Saturday People, Sunday People
4:20 PM, Nov 17, 2010 • By LELA GILBERT
Asia Bibi’s case is reportedly the first conviction and death sentencing of a woman in Pakistan, under laws that declare blasphemy against Islam, the Koran or the Prophet Mohammed a capital crime. Nearly 30 people, at least a fourth of them Christians, have died because of blasphemy accusations since the laws went into effect in 1980. And vigilantes often take action while the state turns a blind eye. In July 2010, the Sydney Morning Herald reported that two Christian brothers accused of writing a blasphemous pamphlet critical of the Prophet Muhammad were shot dead outside a court in Punjab.
In 2010, Christians have been killed for their faith by Muslim terrorists in Nigeria, Pakistan, Kenya, Ethiopia, Afghanistan, Somalia, Philippines and Bangladesh. The threats against Christians in these countries continue to multiply. Al Shabab in Somalia, for example, has threatened to kill every Christian in the country. The number of Christians fleeing these nations and other Muslim lands is impossible to calculate. Many if not most such refugees leave in secret to protect their families and co-believers. Christians continue to flee from the Palestinian territories, where persecution persists, and the proximity to Israel leads to accusations of collaboration with “Zionists,” particularly in Hamas-controlled Gaza.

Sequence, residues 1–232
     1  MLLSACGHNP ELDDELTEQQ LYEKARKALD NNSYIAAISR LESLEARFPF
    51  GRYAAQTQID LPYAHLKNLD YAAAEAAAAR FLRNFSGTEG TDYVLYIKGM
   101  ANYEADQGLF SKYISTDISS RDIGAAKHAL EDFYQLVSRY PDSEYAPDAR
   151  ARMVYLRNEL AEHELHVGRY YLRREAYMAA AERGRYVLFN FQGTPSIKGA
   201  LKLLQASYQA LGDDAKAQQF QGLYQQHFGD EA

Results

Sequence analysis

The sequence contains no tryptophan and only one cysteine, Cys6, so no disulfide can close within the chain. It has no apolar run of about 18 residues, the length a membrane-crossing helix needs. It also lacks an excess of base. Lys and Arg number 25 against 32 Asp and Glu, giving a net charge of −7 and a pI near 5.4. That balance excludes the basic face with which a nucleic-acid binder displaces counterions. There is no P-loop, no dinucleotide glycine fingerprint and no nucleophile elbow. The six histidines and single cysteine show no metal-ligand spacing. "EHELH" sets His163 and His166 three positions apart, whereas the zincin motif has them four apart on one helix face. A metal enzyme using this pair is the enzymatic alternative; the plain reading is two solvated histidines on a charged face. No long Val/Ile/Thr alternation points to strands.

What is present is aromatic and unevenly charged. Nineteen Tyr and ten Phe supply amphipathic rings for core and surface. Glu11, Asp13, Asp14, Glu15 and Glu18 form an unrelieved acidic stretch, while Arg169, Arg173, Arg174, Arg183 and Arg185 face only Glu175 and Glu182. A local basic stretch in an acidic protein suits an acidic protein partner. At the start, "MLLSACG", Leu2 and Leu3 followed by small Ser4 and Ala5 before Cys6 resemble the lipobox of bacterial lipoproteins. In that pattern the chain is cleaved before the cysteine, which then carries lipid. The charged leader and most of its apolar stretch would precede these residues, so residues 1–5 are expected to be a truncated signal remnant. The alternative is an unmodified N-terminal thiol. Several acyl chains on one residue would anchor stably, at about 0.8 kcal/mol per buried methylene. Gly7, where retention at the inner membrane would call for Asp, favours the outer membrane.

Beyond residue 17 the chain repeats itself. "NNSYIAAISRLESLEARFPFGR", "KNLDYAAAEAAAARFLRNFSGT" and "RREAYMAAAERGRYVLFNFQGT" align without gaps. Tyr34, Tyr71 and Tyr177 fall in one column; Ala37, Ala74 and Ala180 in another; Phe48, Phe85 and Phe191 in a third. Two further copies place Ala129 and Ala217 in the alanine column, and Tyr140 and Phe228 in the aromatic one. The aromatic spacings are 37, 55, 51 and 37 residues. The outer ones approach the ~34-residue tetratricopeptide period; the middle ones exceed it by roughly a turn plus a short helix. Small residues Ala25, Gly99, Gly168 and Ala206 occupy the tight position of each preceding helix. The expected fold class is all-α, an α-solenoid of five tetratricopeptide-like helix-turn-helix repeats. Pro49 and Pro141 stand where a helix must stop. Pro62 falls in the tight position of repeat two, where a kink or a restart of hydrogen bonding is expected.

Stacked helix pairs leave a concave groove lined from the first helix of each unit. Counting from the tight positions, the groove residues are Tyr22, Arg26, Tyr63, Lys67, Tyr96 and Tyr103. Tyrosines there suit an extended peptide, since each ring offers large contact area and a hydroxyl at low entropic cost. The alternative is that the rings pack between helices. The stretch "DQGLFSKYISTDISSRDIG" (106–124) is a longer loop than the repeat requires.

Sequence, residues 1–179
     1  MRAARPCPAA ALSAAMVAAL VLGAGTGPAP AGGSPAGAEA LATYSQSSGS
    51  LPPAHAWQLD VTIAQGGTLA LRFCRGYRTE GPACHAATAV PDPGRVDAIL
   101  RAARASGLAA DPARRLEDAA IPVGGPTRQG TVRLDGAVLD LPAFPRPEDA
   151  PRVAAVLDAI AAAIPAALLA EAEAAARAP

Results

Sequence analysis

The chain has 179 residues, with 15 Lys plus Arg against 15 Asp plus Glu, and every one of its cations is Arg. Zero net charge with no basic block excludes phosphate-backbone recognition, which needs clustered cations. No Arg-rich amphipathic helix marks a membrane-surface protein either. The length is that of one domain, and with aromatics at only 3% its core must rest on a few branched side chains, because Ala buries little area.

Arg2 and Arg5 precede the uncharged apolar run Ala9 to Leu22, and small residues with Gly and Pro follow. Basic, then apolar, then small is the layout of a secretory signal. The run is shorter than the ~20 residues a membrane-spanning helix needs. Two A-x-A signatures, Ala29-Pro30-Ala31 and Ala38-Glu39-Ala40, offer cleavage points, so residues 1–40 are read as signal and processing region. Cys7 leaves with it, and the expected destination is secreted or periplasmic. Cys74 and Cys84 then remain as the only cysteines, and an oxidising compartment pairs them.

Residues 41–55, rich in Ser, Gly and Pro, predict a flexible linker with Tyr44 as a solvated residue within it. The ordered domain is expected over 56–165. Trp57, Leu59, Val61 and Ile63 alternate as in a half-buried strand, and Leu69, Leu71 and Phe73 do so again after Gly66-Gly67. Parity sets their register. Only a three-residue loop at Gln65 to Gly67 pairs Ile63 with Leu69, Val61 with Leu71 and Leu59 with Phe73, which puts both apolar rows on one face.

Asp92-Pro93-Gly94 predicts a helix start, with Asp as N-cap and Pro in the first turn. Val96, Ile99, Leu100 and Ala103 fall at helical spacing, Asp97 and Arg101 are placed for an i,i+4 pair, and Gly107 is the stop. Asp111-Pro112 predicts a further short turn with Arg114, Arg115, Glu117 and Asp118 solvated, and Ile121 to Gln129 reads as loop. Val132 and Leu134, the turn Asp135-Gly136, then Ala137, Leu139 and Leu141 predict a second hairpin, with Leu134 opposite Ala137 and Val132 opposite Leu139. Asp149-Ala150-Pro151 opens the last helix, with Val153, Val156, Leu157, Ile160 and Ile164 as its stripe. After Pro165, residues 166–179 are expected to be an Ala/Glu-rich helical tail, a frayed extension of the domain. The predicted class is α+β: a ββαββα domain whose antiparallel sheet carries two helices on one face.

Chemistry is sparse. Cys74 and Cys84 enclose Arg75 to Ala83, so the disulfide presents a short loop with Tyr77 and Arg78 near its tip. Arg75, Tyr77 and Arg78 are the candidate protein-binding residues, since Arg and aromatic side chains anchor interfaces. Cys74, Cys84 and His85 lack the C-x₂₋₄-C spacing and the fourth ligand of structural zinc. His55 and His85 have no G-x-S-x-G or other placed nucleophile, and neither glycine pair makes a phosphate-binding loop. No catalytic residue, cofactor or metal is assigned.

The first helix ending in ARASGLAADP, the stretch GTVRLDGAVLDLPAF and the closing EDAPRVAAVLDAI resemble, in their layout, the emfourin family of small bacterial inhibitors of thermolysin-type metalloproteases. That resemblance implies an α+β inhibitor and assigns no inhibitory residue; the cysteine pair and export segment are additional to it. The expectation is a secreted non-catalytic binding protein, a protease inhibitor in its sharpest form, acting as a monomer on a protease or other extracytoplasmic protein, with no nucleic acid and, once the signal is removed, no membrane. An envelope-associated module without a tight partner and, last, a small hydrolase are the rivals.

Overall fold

In fact, the only country in the Middle East where the Christian population is increasing is Israel.
The Catholic Bishops’ focus on Israel, rather than on radical Islam, as the root cause of abuses against Christians is both disingenuous and counterproductive. Without a clear and honest analysis that addresses radical Islam, there can be no effective policy enabling besieged Christians to live in peace and safety in their historic homelands.
Lela Gilbert is an Adjunct Fellow at the Hudson Institute and has authored and co-authored numerous books, including the award-winning Blind Spot: When Journalists Don't Get Religion (Oxford University Press, 2008).
Recent Blog Posts